Legislation heading our way from Europe is designed to put an end to blatant age discrimination in the workplace. But there are few signs that employers are in sympathy with its aims, as Anne Bruce reports

One problem is that the government’s preliminary guidance on the impending legislation is nebulous, according to employment experts.

Are you hardworking, hands-on and a good people manager? Do you want a job with responsibility, a decent salary and five weeks paid holiday a year? How about applying to be a store manager then? As long as you are 25 to 35 years old, that is.

Astonishingly, this proviso was one of eight requirements stipulated by a major retailer in a recent magazine advertisement for staff. At the foot of the ad, the retailer claimed to be “an equal opportunities employer” - though in this case it considered young applicants to be more equal than others.

It is not the only company with that policy. Following The Grocer’s exposé of ageism in the food industry last year (Over 40, over the hill, August 23, 2003, p32), we have regularly received letters from readers who claim they have been the victims of discrimination. And the evidence is not only anecdotal: according to the government, six out of 10 employers prefer not to recruit staff over the age of 35.

The discrimination against older people appears to worsen when it comes to more senior positions. In some cases, like the advertisement, the discrimination is blatant - although, it must be emphasised, perfectly legal at the moment. In most, however, it is more insidious and difficult to detect, according to readers who complained to us. Many say they receive standard “thanks, but no thanks” replies when they send in their CVs for vacancies they are well qualified to fill. Others are rejected by recruitment agencies which admit privately their client has put an age range in the job spec.

The good news for older people is that the EU Employment Directive prohibiting age discrimination in employment and vocational training comes into force in the UK on October 1 2006.

The legislation should restore some of the balance in their favour, dealing with a whole spectrum of age-related issues including retirement, age ceilings on graduate training schemes, lower minimum wage rates for younger workers and of course job ads specifying age.

In addition, speculation is mounting that the directive could represent a challenge to the new national minimum wage for 16 to 18-year-olds because a pay rate that is dependent on an employee’s age could be deemed discriminatory.

Owen Warnock, a partner at law firm Eversheds, warns that employers will be responsible for eradicating any sign of age discrimination within their organisations after a full-scale review of personnel policy.

Asking for a new qualification that only younger people had had a chance to gain could be interpreted as a breach of the regulations and employers would be expected to ask for skills instead.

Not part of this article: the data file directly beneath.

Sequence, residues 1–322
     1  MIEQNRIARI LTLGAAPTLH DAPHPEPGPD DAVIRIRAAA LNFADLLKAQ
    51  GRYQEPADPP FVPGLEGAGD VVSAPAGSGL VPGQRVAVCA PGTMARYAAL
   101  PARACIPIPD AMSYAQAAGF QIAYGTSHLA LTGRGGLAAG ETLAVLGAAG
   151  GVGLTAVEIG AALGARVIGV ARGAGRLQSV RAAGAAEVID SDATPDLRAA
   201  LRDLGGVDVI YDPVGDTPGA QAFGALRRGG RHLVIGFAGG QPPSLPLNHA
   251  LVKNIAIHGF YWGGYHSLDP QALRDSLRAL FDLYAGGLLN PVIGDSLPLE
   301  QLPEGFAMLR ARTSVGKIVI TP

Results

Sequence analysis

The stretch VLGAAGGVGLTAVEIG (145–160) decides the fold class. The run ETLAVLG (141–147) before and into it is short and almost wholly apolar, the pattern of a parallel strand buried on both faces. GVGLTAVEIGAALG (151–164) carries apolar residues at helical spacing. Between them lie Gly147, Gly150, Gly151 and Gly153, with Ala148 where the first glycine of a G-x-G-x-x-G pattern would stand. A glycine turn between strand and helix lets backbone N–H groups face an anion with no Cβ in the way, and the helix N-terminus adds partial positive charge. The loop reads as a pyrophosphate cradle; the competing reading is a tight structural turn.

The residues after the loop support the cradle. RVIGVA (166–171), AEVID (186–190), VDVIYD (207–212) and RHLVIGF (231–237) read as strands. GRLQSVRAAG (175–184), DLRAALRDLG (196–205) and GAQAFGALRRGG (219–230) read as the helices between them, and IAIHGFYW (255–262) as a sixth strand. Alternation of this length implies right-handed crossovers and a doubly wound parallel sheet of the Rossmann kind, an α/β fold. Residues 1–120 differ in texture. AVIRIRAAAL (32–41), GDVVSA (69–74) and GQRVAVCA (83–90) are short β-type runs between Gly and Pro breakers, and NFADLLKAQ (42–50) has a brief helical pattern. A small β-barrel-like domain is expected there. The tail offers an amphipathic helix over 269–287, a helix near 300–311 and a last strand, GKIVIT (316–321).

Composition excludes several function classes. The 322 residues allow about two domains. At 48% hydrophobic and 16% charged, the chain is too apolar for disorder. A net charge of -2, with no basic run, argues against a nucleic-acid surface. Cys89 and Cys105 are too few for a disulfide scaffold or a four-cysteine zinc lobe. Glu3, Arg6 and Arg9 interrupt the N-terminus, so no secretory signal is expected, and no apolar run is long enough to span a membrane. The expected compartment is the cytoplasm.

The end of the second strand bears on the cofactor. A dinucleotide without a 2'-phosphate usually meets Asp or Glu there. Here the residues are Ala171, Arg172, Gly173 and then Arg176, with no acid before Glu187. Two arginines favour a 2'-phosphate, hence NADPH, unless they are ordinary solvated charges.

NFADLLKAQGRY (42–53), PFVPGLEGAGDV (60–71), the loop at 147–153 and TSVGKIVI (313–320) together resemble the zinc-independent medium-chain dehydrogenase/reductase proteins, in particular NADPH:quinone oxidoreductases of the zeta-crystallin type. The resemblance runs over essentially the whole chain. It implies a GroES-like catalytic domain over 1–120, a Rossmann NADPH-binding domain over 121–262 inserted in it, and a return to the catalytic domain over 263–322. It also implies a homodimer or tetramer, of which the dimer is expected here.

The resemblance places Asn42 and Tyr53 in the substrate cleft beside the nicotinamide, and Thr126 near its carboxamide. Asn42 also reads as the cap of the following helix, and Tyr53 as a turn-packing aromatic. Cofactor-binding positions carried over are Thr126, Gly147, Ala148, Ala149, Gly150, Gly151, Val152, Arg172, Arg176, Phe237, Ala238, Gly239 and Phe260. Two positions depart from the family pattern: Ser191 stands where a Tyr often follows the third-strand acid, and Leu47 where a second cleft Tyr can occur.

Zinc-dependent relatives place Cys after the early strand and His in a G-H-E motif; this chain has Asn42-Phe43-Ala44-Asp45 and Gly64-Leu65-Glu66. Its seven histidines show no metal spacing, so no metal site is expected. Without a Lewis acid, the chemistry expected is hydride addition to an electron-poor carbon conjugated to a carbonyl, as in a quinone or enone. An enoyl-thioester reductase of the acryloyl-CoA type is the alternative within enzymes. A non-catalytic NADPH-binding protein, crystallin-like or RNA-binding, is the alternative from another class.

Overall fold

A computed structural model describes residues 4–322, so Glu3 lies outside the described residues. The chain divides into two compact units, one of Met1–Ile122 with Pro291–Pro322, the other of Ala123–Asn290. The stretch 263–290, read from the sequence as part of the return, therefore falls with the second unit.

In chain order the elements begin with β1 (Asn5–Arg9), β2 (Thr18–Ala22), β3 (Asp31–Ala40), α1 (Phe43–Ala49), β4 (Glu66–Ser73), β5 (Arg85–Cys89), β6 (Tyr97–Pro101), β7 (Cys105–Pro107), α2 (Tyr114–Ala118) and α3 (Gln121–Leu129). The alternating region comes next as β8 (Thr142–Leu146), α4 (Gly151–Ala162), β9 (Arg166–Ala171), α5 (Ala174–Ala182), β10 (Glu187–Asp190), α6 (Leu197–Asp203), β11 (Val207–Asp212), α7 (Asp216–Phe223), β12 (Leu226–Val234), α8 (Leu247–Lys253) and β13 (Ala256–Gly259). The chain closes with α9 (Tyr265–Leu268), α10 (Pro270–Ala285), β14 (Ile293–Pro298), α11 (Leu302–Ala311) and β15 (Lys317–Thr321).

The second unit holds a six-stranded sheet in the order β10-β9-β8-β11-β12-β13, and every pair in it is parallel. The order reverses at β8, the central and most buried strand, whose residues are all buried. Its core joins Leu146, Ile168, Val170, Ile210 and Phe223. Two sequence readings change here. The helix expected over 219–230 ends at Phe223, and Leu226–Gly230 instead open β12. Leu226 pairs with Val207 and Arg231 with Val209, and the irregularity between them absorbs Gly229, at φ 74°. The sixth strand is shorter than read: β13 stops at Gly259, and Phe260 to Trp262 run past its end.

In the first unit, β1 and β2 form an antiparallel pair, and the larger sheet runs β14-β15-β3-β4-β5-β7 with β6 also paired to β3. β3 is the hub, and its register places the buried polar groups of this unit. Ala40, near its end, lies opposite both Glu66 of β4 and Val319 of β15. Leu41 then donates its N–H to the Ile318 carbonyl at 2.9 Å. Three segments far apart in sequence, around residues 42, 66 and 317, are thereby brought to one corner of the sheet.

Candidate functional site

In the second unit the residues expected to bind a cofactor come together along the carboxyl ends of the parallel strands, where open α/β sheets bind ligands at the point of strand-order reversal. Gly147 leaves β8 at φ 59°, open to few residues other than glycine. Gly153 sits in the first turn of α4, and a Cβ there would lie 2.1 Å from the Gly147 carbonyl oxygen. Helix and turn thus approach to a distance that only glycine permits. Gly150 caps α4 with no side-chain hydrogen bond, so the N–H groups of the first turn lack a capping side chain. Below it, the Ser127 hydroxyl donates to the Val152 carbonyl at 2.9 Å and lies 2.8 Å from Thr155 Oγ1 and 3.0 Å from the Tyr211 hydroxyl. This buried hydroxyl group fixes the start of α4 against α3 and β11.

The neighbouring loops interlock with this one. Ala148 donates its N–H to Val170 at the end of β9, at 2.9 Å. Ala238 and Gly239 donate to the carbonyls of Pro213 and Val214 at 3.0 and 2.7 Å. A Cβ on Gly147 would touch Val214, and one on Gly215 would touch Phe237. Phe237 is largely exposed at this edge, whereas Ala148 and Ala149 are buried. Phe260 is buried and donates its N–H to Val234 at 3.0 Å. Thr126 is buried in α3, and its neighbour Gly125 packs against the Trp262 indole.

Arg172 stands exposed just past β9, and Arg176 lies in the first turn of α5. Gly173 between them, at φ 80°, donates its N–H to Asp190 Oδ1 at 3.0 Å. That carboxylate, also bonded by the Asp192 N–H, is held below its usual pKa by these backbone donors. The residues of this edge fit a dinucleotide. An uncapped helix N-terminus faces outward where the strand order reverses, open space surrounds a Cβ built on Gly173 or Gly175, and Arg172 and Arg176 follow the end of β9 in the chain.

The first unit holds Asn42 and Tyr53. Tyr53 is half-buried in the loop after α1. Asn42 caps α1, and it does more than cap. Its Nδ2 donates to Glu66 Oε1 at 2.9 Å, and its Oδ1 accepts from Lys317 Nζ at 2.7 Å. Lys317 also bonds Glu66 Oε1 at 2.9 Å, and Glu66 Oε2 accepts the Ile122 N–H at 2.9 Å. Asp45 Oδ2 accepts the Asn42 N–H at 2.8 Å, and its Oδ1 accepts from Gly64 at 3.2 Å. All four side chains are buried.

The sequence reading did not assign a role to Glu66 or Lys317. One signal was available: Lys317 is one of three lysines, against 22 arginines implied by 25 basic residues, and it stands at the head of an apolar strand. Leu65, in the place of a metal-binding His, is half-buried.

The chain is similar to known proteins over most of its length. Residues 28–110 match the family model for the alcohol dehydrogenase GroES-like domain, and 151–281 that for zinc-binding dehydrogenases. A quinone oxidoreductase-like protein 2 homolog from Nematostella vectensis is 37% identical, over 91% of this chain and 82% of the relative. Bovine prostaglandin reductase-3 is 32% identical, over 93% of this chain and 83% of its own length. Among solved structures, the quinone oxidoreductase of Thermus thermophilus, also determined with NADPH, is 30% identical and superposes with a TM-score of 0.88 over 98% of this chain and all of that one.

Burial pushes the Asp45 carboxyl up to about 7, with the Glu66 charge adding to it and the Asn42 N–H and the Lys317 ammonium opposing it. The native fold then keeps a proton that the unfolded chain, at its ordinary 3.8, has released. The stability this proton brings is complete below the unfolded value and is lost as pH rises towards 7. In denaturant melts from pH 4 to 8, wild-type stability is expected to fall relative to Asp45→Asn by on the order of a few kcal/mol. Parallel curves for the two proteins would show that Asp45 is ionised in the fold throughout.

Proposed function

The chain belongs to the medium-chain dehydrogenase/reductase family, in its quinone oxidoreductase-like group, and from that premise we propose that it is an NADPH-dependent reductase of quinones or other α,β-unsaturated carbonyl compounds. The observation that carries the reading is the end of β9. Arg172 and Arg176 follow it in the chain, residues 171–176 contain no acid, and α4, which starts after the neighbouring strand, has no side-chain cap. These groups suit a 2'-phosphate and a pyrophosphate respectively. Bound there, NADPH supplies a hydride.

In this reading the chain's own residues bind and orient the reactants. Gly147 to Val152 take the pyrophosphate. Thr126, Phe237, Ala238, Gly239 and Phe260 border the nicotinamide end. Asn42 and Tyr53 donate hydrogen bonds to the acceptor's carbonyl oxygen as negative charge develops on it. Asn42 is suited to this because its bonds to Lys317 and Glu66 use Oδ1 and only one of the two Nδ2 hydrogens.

Many have taken no steps to change their employment procedures ahead of the directive, according to Warnock. He says: “2006 is too far on the horizon for most employers. Most have not taken any action yet, they have been waiting for the government to take a lead.”

The DTI initially planned to place regulations before Parliament by the end of this year, giving the industry two years to prepare for the change. But a slip in the directive’s schedule has put back the second detailed consultation to the end of June. However, Warnock warns that retailers and manufacturers need to start planning now for the changes and reminds them that much more than the retirement age - which has been the issue that most media have focused on - will be subject to the new law.

If the threat of legislation doesn’t cut much ice with employers, there is plenty of well-researched evidence showing that ageist policies cost money and are detrimental to business.

The Employers’ Forum on Age, for example, says that the entrenched belief that younger is better because they are more energetic, as well as cheaper to hire and insure, is a misconception. A mixed workforce is to an employer’s long-term benefit. Older employees tend to be more stable, loyal and reliable. They also possess more refined “people skills”, vital in any customer-facing business.

And the government’s Age Positive research shows that there is no difference in the way that older and younger workers respond to training and both are equally capable of development. On top of that, turnover of younger staff is high and managing the churn and its impact on the business is time-consuming and expensive.

In fact, ignoring the potential of older workers costs employers a whopping £16bn a year according to Cabinet Office figures.

In April 2000 it produced a report, Winning the Generation Game: improving opportunities for people aged 50-65 in work and community activity, which stated that the number of people aged between 50 and 65 who were not working had doubled to 2.8 million over the previous 20 years because of leaner firms’ prejudices towards older workers.

The £16bn a year is lost gross domestic product as a result of those over-50s being out of the employment market.